Peter Luger’s menu has changed about as much as Stonehenge: You can get a porterhouse steak, lamb chops, hash browns, and tomato-and-onion salad. Technically, there’s salmon on the menu and maybe a few other sides, and they did add bacon, but the genius of the place has been in its simplicity. But as of last month, a rib-eye steak, a relative bargain at $38.95, is for sale. (The slim, seldom-ordered single strip steak is the same price.) It’s the restaurant’s first new steak in 120 years. Why the sudden change?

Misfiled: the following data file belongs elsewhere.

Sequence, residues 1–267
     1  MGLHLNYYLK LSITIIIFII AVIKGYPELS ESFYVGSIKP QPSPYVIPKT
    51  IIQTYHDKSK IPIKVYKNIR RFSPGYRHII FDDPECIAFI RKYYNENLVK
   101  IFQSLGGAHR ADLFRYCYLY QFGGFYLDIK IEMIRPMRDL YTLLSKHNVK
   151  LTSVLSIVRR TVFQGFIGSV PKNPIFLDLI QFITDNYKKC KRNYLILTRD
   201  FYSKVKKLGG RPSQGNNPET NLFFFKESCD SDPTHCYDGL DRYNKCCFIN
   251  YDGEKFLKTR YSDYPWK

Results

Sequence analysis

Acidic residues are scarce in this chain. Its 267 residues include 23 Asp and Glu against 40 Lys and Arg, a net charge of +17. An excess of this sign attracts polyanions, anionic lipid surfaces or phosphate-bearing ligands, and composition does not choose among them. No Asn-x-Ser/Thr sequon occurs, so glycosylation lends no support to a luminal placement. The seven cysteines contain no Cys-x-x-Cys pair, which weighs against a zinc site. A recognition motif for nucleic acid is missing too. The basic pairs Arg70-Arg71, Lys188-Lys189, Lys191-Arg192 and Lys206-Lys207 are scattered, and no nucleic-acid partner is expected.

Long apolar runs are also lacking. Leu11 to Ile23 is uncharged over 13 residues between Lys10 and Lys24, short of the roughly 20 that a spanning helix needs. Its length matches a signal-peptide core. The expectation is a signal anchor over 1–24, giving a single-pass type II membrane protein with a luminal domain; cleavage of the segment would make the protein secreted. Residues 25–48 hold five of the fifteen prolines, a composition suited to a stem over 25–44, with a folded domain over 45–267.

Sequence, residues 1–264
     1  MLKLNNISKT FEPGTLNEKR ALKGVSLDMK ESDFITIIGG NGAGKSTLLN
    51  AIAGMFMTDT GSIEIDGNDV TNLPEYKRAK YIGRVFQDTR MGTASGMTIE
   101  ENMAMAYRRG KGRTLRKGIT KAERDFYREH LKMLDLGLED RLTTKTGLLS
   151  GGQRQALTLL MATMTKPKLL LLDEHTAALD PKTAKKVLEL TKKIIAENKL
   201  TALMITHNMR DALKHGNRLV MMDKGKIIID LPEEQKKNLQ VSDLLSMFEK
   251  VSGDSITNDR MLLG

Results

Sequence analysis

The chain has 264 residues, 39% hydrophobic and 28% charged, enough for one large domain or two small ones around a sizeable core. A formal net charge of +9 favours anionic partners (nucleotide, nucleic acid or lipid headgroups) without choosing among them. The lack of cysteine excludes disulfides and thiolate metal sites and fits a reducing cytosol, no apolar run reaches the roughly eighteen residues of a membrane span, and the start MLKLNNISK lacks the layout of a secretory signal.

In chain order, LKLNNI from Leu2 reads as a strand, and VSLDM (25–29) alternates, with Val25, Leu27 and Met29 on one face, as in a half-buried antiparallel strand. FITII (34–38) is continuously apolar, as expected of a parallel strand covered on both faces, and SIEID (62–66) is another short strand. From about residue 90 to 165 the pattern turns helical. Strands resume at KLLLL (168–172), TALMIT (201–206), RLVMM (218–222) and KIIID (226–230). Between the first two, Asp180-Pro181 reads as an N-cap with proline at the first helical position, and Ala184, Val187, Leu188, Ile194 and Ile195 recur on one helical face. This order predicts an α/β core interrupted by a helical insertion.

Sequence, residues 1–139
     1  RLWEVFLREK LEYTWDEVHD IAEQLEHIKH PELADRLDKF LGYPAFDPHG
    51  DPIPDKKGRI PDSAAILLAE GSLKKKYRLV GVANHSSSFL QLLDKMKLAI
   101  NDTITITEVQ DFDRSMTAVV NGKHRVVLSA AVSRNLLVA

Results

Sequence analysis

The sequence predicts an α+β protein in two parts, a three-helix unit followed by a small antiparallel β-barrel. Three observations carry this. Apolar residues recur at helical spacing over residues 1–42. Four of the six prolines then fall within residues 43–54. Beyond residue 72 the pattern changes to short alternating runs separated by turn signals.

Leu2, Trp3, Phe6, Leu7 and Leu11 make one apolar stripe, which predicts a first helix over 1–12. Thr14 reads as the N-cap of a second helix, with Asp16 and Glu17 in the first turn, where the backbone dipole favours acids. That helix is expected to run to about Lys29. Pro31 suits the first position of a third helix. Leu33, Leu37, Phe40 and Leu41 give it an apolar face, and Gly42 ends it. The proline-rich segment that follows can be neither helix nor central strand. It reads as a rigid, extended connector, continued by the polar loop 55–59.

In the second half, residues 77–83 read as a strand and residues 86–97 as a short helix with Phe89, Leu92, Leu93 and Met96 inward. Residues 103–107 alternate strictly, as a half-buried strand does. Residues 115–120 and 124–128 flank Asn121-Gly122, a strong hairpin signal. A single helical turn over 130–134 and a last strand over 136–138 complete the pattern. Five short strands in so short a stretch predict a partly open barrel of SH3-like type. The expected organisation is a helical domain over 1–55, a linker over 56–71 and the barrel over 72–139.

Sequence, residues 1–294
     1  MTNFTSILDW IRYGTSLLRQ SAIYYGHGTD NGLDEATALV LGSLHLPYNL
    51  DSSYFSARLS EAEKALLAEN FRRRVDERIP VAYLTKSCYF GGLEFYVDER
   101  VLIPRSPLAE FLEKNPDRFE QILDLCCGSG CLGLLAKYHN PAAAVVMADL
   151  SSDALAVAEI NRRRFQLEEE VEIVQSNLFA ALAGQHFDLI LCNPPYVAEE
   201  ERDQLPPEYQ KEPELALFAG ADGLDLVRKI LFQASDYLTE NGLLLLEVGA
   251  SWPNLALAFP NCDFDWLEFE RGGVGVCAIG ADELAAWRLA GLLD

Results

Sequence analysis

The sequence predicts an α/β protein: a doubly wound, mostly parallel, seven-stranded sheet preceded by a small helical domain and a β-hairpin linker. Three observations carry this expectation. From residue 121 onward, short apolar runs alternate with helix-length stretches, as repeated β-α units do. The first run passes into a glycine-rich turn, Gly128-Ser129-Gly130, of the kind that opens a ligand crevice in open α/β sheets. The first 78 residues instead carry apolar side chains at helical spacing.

Simply said, there just aren’t enough porterhouses to sate their rabid customer base and still maintain a semblance of quality. Customers have been complaining forever (see this Chowhound thread) that the steak isn’t what it used to be at Luger. There’s a shortage of great meat in general in this city, and even the restaurant’s promiscuous practice of buying from vendors all over town can’t put the genie back in the bottle. Some months ago, they were even telling diners without reservations that they would have to eat fish! Customers could be forgiven for thinking that the end-times had come. Introducing the rib eye is a good change, not a sign that the sky is falling. Truly great porterhouses are hard to come by; they’re not marbled the way rib eyes are, and they don’t have the same depth of flavor. Breaking a 120-year-old tradition might be the best thing that ever happened to Peter Luger.